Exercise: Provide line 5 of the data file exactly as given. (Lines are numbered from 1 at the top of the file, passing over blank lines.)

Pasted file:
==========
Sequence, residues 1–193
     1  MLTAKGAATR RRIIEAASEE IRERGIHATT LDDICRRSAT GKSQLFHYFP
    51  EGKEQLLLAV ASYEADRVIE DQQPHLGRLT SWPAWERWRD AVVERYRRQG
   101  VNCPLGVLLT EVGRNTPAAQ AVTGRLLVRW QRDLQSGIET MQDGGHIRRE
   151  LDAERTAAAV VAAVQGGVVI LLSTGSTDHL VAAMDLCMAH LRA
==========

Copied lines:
   151  LDAERTAAAV VAAVQGGVVI LLSTGSTDHL VAAMDLCMAH LRA